WHAT a relief it was to read Linda Ensor’s report in Business Day in which she quoted Finance Minister Pravin Gordhan saying the South African economy is not in recession and not projected to slide into one, whatever the doomsayers may say.

Not to worry, then. If Gordhan says we should take heart from the World Bank’s expectation that the economy will grow between 1.4% and 1.6% a year during the next three years, many of us will grab whatever tenuous tendril of hope is extended as though all that should worry us is that delightfully technical definition of a recession being two successive quarters of economic contraction.

That is, if we permit that an aggregate contraction of 1.5 percentage points over the past 10 years or so does not constitute a disaster, we should not worry about a little contraction or two.

It could mean we are fine, really, though some of us are bothered. Take the personal assistant to the intermediary whose little racket administers for the member (of the Upper Jukskei Flyfishing Collective). When she heard the Royal Bank of Scotland’s admonition to sell everything, she immediately started hedging.

"When the hoi polloi say sell, it means buy. We (we?) must go offshore."

"That would be un-South African," said the member. "Shouldn’t we invest in another retail mall and stock up with baked beans against the doomsayers?"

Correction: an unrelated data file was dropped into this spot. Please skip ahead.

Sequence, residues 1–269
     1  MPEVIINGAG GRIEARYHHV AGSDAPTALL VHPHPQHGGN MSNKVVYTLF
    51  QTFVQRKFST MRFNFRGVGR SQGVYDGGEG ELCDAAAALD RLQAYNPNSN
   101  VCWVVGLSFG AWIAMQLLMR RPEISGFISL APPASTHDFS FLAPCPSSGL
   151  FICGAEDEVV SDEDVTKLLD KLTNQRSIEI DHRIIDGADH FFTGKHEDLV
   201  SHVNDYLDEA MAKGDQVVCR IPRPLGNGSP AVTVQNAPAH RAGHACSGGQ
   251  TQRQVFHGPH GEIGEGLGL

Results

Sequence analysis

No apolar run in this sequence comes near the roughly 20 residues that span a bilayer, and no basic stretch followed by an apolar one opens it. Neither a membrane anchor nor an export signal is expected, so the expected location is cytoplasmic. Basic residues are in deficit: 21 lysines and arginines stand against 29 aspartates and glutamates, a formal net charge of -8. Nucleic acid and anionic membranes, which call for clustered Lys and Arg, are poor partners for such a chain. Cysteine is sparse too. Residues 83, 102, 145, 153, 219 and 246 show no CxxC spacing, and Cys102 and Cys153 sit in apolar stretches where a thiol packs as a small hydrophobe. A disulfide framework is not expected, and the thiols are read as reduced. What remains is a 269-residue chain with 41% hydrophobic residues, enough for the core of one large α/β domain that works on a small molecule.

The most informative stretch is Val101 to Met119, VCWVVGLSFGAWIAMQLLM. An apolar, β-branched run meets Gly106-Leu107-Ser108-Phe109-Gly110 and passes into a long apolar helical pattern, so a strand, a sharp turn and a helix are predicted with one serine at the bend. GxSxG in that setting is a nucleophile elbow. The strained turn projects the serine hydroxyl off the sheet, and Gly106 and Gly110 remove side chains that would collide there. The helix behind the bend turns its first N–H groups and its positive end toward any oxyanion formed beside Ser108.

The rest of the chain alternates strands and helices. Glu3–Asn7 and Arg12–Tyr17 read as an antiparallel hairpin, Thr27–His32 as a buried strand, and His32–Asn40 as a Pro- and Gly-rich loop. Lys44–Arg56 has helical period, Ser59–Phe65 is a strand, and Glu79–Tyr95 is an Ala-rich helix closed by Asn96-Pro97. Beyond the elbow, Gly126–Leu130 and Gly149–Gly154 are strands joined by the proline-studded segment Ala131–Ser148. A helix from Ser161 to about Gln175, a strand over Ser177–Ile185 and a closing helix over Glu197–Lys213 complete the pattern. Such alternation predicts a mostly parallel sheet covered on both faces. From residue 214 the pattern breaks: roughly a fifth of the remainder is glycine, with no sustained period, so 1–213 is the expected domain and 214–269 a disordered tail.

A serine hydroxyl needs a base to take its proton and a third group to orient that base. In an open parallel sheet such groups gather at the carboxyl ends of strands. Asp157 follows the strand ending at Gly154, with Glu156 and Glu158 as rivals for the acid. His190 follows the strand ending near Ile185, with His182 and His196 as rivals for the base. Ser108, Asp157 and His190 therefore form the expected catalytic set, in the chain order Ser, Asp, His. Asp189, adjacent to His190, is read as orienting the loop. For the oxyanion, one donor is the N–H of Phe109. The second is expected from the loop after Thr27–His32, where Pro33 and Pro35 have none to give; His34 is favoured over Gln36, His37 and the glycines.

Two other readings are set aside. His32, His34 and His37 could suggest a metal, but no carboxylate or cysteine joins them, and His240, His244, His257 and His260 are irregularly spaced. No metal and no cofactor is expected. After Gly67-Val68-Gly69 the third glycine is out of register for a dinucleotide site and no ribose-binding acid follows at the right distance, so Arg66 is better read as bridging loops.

Which is why the member does not feel quite as upbeat about the economy as Gordhan does. How he feels is a bit like that fellow who offers a car valet service to everyone in the queue at the traffic lights, but flatly ignores the member’s dust mobile. Clearly, some prospects are just clogging up his system.

"Hey," said the member to the valet as he hurried by, "it is in the interest of water conservation you know. Doing my patriotic bit here."

Gordhan’s confidence may be justified in terms of a convenient technical definition, but others, one JM Keynes for instance, are blunter. The term recession gained favour among labour-centred economists as a relatively short period in a business cycle during which economic activity slows, prosperity is halted and unemployment rises — a minor depression, as it were.

Gordhan may be right about his recession outlook for the immediate term, but that is because his assumption about the longer-term business phase is quite wrong. SA is not in that part of a business cycle in which economic activity can slow much more; that is, it is not in any condition to describe a dip steeper than its already precipitous careen. A more accurate assessment would be that the economy is in a state in which workers and machinery remain persistently unemployed; a major depression.

Talk of a recession, therefore, is redundant.

Gordhan should be familiar with these definitions. It is, after all, his employer’s policy to resist labour flexibility and wage cuts against the possibility of lowering consumption and aggregate demand. He knows as well as we all do that SA’s experiment with Keynesian economics has run its course and that we now know no government can assume the role of business, yet it continues to do the same thing while hoping to spin the wreckage it has created into something desirable.

The only way to begin to salvage anything is for Gordhan and the government to admit that the experiment has failed, that for the traffic light valet service the bi-quarterly fluctuations in a deepening depression are irrelevant for as long his potential customers are desperately looking for a rand hedge. It is time for a change.

• Blom is a freelance journalist. He likes to flyfish